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[382] had been brought up by General Jameson, and a second line was established under a severe fire. Disposition was at once made for further vigorous operations, when profound darkness fell upon the armies, the struggle ceased, and the wearied National soldiers rested on the soddened battle-field.

Meanwhile Hancock had been successfully engaged in his flank movement. He had been dispatched by General Smith at an early hour, with about twenty-five hundred men,1 to seize and hold an unoccupied redoubt at the extreme left of the Confederate position, which had been thrown up by Magruder,

Site of the Dam.2

but was unknown to Johnston and his officers. It was upon a high bank above a ravine commanding a dam on Cub Dam Creek, a little tributary of Queen's Creek, about a mile and a half eastward of the Yorktown road. Hancock d crossed the creek, took possession of the redoubt without opposition, and also of another one twelve hundred yards in advance of it, which was unoccupied. Two more redoubts stood between these and Fort Magruder, and a few shells and the bullets of sharp-shooters soon drove the Confederates from them. But Hancock's force was too small to make their occupation by it a prudent act, and he determined to wait for re-enforcements.

The occupation of the two redoubts on his extreme left by Hancock was the first intimation that Johnston had of their existence. He at once perceived the importance of the position, for it was on the flank and rear of the Confederate line of defense, and seriously menaced its integrity. He directed General Hill to send a sufficient force to drive back the Nationals, and to this duty General Jubal Early, with a force of Virginia and North Carolina troops, was assigned.

Hancock had earnestly called for re-enforcements, but they did not come. Twice General Smith had been ordered to send them, and each time the order was countermanded just as they were about to move, for Sumner was unwilling, he said, to risk the center by weakening it. So, instead of re-enforcements, Hancock received an order to fall back to his first position. He was slow to obey, for he felt the importance of his forward movement, but when, at about. five o'clock, he saw the two redoubts nearest Fort Magruder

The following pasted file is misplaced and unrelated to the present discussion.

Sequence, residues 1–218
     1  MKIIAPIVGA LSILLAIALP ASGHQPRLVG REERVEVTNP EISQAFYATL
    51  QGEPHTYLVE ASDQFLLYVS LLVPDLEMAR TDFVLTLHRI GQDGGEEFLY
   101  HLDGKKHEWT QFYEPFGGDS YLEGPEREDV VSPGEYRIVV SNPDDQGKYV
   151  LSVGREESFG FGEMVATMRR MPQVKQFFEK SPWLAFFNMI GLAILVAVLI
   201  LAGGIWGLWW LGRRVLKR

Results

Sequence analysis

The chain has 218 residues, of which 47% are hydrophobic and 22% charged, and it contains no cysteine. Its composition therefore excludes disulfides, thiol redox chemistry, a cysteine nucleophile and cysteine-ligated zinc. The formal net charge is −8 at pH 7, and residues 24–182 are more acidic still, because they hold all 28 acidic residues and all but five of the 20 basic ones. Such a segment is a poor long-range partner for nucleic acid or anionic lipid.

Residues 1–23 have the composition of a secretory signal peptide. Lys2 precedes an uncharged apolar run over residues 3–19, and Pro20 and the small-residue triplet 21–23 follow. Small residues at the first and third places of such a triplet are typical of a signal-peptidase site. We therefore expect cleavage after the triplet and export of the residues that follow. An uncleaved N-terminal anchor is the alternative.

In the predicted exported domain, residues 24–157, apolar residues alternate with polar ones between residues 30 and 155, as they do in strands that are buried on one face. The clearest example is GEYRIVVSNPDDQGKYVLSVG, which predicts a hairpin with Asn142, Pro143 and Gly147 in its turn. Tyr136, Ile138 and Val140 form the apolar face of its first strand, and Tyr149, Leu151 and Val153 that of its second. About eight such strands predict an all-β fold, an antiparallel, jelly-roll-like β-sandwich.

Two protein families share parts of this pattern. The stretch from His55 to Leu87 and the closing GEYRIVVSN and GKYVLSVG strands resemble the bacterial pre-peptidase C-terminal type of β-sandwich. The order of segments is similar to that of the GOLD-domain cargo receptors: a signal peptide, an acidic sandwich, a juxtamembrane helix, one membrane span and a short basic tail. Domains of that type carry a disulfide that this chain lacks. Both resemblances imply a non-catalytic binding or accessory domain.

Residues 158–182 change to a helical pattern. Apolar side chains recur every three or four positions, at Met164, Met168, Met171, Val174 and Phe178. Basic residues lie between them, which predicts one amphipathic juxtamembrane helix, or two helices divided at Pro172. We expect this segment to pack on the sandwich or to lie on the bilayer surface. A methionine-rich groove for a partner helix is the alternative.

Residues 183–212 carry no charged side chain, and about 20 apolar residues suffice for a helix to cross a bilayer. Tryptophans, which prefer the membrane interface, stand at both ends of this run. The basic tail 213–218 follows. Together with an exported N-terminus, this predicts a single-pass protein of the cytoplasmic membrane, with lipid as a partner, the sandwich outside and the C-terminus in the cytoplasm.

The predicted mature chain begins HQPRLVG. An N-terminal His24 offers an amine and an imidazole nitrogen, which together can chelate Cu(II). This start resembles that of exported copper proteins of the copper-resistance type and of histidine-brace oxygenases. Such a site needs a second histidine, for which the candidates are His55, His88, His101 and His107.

1 These consisted of parts of his own, and of Davidson's brigade, which was then under his command. Of his own brigade he chose for this duty the Fifth Wisconsin, Forty-ninth Pennsylvania, and Sixth Maine; and from Davidson's, the Seventh Maine and Thirty-ninth New York Volunteers. These were accompanied by Lieutenant Crowen's New York battery of six guns, and Wheeler's battery.

2 this is a sketch of the appearance of the site of the Dam when the writer visited the spot in June, 1866. it is from a rude bridge then recently thrown across the stream. The redoubt was on the high bank directly ever the little figure. Here the bank, as in many other places on the Peninsula, presented layers of perfect sea-shells (mostly escollop and oyster), the position of which is indicated in the sketch by the horizontal shaded lines near the figure. This Dam was destroyed by Confederates while National troops were crossing the creek below, and the flood thus let loose drowned several soldiers.

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